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MAR OIL, S.A. v. MORRISSEY

January 24, 1992

MAR OIL, S.A., Plaintiff,
v.
FRANCIS X. MORRISSEY, JR., Defendant.



The opinion of the court was delivered by: BERNARD NEWMAN

 OPINION, FINDINGS OF FACT AND CONCLUSIONS OF LAW

 BERNARD NEWMAN, Senior Judge, United States Court of International Trade, sitting as a United State District Court Judge by Designation:

 INTRODUCTION

 This is a bitterly contested diversity suit by plaintiff Mar Oil, S.A., a Spanish business corporation, Against Francis X. Morrissey, Jr., a New York attorney, who rendered professional services for the plaintiff. *fn1" By consent, the defendant collected the proceeds of a settlement of claims brought by the plaintiff which were deposited in an escrow account and maintained in defendant's name in trust for plaintiff at Morgan Guaranty Trust Company of New York ("Morgan Guaranty"). Plaintiff contends that Morrissey, without plaintiff's knowledge or consent, unilaterally withdrew the balance of $ 925,675.38 from the escrow account in purported payment of the balance of Morrissey's professional fees which defendant insists was due him, albeit the plaintiff disputed that any such fee was owing to defendant and that plaintiff disapproved the withdrawal by the defendant of the money from the escrow account.

 The complaint is couched in six causes of action which allege, respectively, that defendant used such escrowed funds without authority a his own, and that defendant is indebted to plaintiff for the full amount of the withdrawal; that the fee charged by defendant as represented by the unauthorized withdrawal was unconscionable and unsupportable under a written retainer agreement dated October 31, 1980 entered into by the parties, which called for an agreed hourly rate, plus reimbursable reasonable expenses; that defendant fraudulently induced Sr. Carlos Garcia Monson (Sr. Monson) plaintiff's representative, to sign a document dated February 2, 1984 purporting to have authorized, after the fact, the withdrawal referred to; that the defendant abused his position of trust and confidence flowing from the attorney-client relationship to obtain the signature to such document signed by Sr. Monson; that plaintiff was mistaken concerning the nature of the said signed document as to the amounts and recipients of disbursements covered by the document; and that the defendant fraudulently misrepresented or failed to make proper disclosures in respect to disbursements represented by the document or the nature of the document entirely; and that allowing the defendant to retain said sum of money so withdrawn for the services he rendered would be an unjust enrichment.

 Morrissey argues that he undertook an action in New York on plaintiff's behalf which was a "companion" to one pending in Spain, predicated on plaintiff's agreement that Morrissey would be compensated for the New York action on a contingency fee basis and reimbursement of expenses and overhead that defendant associated with him the maritime law firm of Healy & Baillie to assist him in the New York suit; that the New York action was dismissed on application for a summary judgment, that an appeal was filed; that during the pendency of the appeal, Morrissey for plaintiff negotiated and effected a global settlement of both the New York and Spanish litigation and that before the settlement agreement was consummated, plaintiff's representative had agreed that the defendant was to receive a contingency fee of $ 960,000 for his legal services and balance of fees due to Healy & Baillie; and that the recovery for plaintiff under the settlement was $ 8,060,000 which was effected in July 1983; that by consent, defendant deposited the recovery in an escrow account at Morgan Guaranty and the sum withdrawn by defendant from the escrow account represented approximately 12% of the plaintiff's recovery.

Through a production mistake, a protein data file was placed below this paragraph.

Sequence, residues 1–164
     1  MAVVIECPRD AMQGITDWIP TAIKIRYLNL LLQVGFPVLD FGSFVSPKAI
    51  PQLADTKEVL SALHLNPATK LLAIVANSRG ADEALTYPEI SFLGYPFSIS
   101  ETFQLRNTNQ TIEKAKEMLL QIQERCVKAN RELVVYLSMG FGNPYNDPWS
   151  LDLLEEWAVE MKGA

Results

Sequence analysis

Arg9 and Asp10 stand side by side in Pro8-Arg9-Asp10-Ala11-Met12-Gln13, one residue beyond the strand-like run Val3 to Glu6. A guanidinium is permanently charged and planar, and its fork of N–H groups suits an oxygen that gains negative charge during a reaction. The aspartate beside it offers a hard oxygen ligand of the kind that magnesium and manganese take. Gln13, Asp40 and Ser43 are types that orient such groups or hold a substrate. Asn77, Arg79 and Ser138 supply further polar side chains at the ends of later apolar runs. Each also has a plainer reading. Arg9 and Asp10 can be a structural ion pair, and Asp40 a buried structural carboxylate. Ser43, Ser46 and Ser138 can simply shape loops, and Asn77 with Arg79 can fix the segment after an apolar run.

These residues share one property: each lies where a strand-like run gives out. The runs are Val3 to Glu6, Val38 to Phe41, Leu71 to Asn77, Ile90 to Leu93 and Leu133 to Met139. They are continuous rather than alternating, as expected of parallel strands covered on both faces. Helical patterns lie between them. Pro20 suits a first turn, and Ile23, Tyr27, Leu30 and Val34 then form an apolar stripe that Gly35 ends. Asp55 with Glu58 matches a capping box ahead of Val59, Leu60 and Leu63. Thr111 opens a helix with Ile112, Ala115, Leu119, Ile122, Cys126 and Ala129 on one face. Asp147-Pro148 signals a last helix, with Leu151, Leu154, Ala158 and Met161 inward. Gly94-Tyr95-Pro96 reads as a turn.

The Facts

 On March 11, 1980 Mar Oil's 239 thousand ton super tanker, the Maria Alejandra, exploded and sank off the coast of Mauretania, West Africa. The accommodation section of the ship sand within 60 seconds causing the loss of 37 of the 44 members of the crew. The Maria Alejandra was a relatively new tanker, having been launched but three years before the explosion Despite the fact that the lead insurance company and all other members of the insurance consortium honored their share of insurance of 2.25 billion pesetas carried on the ship, New Hampshire Insurance Company ("New Hampshire"), carrying 25% of the insurance coverage, refused to pay.

 Thereupon, Mar Oil commenced litigation in Spain for 750 million pesetas equivalent to some U.S. $ 10 million, $ 600,000 against New Hampshire for breach of the insurance policy pursuant to the exclusive Madrid jurisdiction suit clause, plus interest, consequential damages, legal fees and costs. New Hampshire alleged a number of grounds for refusing to pay under the policy, including the possibility that the explosion and sinking of the ship was caused by the terrorist act of a West African guerrilla group, the Polisario, or to the unseaworthiness of the ship due to the non-functioning or malfunctioning of certain blowers on the ship that were essential to prevent the dangerious build-up of flammable gases.